How to Grow Cosmic Crisp® Brand WA 38 Trees
A research report from Tom Auvil, Dr. Ines Hanrahan, Stefano Musacchi and Dr. Kate Evans.
Since 2008, trees have been grown in four locations across Washington and evaluated for horticultural traits and storage behavior by Washington Tree Fruit Research Commission scientists Tom Auvil and Dr. Ines Hanrahan and WSU apple breeder Dr. Kate Evans, with the help of an industry advisory group.
In addition, WSU tree fruit physiologist Dr. Stefano Musacchi is leading the evaluation of two newly established plantings at the university’s research orchards near Wenatchee and Prosser. WA 38 is a vigorous tip bearer, similar to Granny Smith (see Figure 1). The good side of this double-edged sword is that it does well in replant sites.
The bad news is that Granny Smith is often managed to minimize light exposure to fruit, but fruit from WA 38 is red and needs light to have consistent color. The Granny Smith tree growth habit also develops blind wood.
High vigor, larger caliper branches seem to have much more severe blind wood. This can be mitigated by bending limbs as they grow beyond 12 inches long, or by removing the very large limbs to allow smaller limbs to reestablish.
A pruning stub with a viable bud should be left, which may require a two- to four-inch stub. Musacchi is working on management strategies to minimize the negative aspects of this growth habit and is already seeing considerable success. Unlike most other varieties, WA 38 produces good quality fruit on spurs and one-year wood. Russet, parrot beaks, and small fruit are common maladies seen on fruit originating from one-year wood on many varieties, but not with WA 38.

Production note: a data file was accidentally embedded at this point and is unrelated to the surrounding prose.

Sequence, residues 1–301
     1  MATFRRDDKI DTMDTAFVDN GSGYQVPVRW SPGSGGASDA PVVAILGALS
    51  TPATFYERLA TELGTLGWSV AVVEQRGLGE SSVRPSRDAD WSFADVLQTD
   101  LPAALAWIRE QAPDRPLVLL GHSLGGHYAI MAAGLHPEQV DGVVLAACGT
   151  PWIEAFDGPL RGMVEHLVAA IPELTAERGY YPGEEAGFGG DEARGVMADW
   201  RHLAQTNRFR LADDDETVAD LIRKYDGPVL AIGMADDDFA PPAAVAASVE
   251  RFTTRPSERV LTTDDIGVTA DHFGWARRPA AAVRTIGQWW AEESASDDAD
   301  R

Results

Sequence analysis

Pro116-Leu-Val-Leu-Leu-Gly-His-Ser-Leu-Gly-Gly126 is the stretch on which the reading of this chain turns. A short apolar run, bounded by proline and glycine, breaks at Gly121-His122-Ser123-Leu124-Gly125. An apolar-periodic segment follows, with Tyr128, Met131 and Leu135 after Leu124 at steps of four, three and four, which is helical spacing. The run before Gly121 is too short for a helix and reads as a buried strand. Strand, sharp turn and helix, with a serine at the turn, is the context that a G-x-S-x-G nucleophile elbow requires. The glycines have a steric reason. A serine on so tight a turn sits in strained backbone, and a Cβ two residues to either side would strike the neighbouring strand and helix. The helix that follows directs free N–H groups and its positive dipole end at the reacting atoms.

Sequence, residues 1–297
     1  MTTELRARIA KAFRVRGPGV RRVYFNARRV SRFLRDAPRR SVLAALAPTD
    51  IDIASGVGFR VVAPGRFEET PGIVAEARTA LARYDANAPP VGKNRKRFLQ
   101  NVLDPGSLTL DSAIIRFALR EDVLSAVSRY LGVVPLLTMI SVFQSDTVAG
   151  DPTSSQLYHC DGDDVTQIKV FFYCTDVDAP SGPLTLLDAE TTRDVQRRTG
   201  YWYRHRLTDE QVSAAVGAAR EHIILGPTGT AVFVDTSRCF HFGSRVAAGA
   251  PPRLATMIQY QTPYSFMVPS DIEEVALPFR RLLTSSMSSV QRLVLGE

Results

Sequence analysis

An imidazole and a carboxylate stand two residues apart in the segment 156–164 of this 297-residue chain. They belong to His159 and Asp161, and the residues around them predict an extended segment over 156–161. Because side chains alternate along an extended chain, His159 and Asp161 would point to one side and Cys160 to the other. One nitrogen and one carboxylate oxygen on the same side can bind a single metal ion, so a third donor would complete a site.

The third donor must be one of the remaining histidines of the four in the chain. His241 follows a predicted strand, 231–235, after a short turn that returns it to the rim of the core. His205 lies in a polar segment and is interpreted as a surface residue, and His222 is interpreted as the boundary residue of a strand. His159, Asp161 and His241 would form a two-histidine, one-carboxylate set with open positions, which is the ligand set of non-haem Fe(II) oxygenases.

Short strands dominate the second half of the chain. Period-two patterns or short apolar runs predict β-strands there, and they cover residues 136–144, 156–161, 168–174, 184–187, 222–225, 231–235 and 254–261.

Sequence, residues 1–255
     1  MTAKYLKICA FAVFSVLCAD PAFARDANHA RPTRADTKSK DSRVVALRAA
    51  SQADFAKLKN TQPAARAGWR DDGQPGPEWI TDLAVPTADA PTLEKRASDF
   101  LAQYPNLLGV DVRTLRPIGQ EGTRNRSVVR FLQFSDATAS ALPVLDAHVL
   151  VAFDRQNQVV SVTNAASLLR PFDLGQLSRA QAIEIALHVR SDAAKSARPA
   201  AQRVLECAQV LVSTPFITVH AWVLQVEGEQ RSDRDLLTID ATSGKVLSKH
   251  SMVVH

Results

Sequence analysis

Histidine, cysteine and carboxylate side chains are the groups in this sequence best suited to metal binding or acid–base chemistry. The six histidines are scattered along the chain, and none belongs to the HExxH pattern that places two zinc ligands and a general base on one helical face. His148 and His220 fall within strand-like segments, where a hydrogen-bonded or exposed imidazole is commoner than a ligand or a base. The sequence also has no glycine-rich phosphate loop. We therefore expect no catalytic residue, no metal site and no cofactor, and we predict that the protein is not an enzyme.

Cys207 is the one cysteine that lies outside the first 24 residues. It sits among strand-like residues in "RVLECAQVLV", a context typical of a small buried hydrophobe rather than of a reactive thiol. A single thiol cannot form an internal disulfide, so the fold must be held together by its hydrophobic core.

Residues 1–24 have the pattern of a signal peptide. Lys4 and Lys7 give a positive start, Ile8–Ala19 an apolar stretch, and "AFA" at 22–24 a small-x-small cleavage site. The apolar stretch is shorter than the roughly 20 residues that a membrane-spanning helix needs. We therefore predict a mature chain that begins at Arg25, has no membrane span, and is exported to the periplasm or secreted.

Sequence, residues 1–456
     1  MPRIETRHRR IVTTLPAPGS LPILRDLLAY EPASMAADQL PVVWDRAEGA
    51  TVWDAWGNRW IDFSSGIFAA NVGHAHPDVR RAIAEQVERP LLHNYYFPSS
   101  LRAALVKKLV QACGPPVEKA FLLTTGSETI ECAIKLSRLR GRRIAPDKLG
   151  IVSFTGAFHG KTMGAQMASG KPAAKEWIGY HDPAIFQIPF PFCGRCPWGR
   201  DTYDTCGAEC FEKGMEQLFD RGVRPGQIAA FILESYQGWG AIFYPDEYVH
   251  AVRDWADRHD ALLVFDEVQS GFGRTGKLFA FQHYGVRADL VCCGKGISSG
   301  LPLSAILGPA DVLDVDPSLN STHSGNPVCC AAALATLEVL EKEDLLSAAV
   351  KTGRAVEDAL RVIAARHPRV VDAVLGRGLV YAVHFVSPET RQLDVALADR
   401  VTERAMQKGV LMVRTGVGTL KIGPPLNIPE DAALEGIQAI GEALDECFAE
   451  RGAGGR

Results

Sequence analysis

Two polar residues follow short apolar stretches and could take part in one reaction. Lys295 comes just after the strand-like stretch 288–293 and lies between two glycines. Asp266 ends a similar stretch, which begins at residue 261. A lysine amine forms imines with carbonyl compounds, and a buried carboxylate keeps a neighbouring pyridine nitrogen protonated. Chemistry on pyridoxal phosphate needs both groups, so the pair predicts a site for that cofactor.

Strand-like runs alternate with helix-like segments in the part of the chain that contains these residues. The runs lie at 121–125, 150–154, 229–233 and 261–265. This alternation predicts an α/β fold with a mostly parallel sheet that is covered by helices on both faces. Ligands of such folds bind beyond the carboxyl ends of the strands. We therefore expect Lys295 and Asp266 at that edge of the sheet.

The flower clusters typically will slough to a single fruit. WA 38 has not required as diligent hand thinning as Fuji or Red Delicious. The tree’s susceptibility to mildew is similar to Granny Smith and not as debilitating as Honeycrisp.
Fire blight will catch WA 38. It blooms later than Cripps Pink and Scifresh (Jazz), but does not have as much late bloom as some other varieties. In 2014, in both Prosser and Quincy, we observed secondary bloom of a cluster or single flower as late as May 21 scattered through mature trees and second- or third-leaf grafts.
This should be a consideration during high to extreme fire blight conditions, such as those of 2014. Early comparisons between WA 38 on Geneva 41 or Malling 9 Nic 29 rootstocks show better canopy development with better branching, shoot extension, and leaf area with G.41 than with M.9 Nic 29. Cumulative yield for the Quincy trial in bins per acre is based on the 38 trees planted in 2008 on M.9 337 rootstock.
The yield per acre is calculated using 1,452 trees per acre and 870 pounds net weight per bin. Data are shown in Figure 4.